A significant challenge of computational statistical mechanics is the accurate estimation of equilibrium parameters of a thermodynamic system. For decades, the methods of choice for sampling such systems at large have been molecular dynamics (MD) and hybrid Monte Carlo. Strategies for sampling probability distributions have increased, and most try leveraging normalizing flows. Normalizing Flows are a technique for creating complicated distributions that involve changing a probability density through a sequence of invertible mappings. These are desirable because of 2 characteristics: first, they can create independent samples rapidly and in parallel, and second, they can offer the precise probability density of their creation method.
There's always been something seductive about a nanobot. Comic books and movies implore you to imagine these things, thousands of times thinner than a human hair and able to cruise around a body and repair a bone or heal an illness. Their scale is unfathomably finite. Their possibilities, sci-fi will have you believe, wildly infinite. While that incongruity makes it perfect for the denizens of a writers' room figuring out how to kill James Bond, it's also a sort of curse.
Ok, sure, machine learning is great for making predictions; But you can't use it to replace scientific theory. Not only will it fail to reach generalizable conclusions, but the result is going to lack elegance and explainability. We won't be able to understand it or build upon it! What makes an algorithm or theory or agent explainable? It's certainly not the ability o "look inside"; We're rather happy assuming that block boxes, such as brains, are capable of explaining their conclusions and theories. We scoff at the idea that perfectly transparent neural networks are "explainable" in a meaningful sense; So it's not visibility that makes something explainable.
Processor power prediction Researchers from Duke University, Arm Research, and Texas A&M University developed an AI method for predicting the power consumption of a processor, returning results more than a trillion times per second while consuming very little power itself. "This is an intensively studied problem that has traditionally relied on extra circuitry to address," said Zhiyao Xie, a PhD candidate at Duke. "But our approach runs directly on the microprocessor in the background, which opens many new opportunities. I think that's why people are excited about it." The approach, called APOLLO, uses an AI algorithm to identify and select just 100 of a processor's millions of signals that correlate most closely with its power consumption. It then builds a power consumption model off of those 100 signals and monitors them to predict the entire chip's performance in real-time.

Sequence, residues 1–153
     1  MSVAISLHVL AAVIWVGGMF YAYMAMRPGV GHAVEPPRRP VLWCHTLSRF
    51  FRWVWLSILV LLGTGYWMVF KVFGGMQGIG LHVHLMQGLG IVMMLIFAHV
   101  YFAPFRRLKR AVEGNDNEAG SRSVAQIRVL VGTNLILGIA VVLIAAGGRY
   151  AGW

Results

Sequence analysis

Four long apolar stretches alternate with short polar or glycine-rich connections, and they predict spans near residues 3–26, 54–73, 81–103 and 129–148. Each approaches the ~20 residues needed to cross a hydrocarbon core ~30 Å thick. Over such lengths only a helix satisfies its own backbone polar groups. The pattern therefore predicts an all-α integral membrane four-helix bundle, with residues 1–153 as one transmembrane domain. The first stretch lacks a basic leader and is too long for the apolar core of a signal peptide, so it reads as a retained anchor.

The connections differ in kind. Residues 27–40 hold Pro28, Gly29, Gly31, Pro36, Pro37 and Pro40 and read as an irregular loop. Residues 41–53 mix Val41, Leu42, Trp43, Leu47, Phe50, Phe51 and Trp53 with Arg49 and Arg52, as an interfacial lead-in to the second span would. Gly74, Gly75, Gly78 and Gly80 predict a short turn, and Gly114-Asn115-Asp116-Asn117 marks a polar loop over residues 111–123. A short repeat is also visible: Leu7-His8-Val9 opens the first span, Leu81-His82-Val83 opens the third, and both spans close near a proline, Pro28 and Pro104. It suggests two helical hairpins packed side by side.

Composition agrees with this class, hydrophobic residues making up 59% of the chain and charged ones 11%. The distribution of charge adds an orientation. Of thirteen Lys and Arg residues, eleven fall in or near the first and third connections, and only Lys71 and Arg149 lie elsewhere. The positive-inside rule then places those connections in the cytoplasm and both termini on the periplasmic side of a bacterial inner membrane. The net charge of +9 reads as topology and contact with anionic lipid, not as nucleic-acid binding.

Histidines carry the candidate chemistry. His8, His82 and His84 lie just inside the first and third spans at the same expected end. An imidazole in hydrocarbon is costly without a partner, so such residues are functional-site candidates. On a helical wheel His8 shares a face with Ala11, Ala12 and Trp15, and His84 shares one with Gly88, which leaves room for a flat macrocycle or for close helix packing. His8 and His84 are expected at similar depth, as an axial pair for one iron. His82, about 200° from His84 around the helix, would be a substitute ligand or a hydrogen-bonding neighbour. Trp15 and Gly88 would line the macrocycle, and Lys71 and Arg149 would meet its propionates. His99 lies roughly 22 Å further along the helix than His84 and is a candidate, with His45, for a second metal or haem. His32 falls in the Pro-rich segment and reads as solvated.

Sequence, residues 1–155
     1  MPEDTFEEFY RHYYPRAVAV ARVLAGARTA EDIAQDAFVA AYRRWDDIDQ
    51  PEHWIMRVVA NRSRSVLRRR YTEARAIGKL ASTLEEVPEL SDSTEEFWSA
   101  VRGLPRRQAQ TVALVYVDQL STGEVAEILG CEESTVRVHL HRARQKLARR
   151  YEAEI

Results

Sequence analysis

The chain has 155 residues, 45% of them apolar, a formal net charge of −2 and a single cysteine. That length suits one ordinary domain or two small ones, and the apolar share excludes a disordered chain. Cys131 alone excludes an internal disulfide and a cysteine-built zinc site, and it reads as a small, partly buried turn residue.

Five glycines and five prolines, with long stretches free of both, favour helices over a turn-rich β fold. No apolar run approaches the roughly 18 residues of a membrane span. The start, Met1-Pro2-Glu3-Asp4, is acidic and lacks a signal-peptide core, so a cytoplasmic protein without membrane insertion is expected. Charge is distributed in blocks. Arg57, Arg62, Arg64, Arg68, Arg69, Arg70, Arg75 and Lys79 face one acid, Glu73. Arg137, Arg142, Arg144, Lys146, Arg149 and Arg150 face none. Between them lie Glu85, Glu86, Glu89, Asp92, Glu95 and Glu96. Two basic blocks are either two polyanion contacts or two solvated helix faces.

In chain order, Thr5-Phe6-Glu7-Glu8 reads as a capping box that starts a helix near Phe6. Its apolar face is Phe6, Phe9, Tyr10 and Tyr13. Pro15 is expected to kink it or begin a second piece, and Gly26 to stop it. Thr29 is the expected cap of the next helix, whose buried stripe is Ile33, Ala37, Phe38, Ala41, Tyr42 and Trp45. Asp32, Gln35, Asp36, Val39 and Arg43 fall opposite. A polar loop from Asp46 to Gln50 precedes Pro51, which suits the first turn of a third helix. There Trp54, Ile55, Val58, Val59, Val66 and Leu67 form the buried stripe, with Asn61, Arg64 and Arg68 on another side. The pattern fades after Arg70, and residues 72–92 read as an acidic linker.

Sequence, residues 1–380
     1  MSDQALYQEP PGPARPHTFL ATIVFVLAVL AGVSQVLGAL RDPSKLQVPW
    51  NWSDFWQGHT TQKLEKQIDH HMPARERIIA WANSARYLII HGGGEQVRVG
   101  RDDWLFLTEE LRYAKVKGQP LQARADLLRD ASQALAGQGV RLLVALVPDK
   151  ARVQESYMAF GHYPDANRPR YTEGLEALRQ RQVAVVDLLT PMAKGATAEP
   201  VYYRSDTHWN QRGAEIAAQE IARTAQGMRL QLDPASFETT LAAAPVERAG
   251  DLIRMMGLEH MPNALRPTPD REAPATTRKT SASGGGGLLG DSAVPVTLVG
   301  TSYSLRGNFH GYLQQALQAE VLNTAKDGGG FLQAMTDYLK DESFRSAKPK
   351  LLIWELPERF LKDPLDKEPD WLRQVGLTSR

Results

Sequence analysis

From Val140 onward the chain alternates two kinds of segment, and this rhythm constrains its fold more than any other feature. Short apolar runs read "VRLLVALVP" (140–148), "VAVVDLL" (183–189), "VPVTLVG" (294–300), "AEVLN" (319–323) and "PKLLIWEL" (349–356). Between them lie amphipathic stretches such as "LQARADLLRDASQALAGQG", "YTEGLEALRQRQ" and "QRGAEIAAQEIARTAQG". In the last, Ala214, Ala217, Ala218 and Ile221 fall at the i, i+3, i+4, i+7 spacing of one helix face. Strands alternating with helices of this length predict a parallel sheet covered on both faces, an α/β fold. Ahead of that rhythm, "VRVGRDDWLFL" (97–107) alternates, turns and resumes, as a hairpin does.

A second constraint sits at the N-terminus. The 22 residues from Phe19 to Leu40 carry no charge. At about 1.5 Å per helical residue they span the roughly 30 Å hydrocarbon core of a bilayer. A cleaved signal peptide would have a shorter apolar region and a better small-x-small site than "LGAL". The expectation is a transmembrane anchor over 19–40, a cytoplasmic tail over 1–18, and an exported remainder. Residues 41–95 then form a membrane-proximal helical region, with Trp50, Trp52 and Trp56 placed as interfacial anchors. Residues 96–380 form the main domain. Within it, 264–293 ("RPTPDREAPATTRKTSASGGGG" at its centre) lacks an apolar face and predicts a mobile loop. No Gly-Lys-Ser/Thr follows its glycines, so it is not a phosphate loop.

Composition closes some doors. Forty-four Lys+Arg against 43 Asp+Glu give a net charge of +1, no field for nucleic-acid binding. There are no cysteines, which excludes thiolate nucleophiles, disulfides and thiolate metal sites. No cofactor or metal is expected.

The seven-arm octopus, Haliphron atlanticus, weighs as much as a person and haunts deep, dark waters from New Zealand to Brazil and British Columbia. So few people have seen this creature alive that researchers must study it in death--typically, as a mound of purplish flesh that washes ashore or turns up in a net. A living seven-arm octopus was scooped up by a Norwegian fishing trawler in 1984, but "when laid on deck the body collapsed," a local zoologist wrote at the time. What remained of the creature, he added, was "sack-shaped, large and flappy." Another turned up in a South Pacific research trawl in the early two-thousands, but the preservation process turned it into a "frozen lump," the giant-squid expert Steve O'Shea wrote.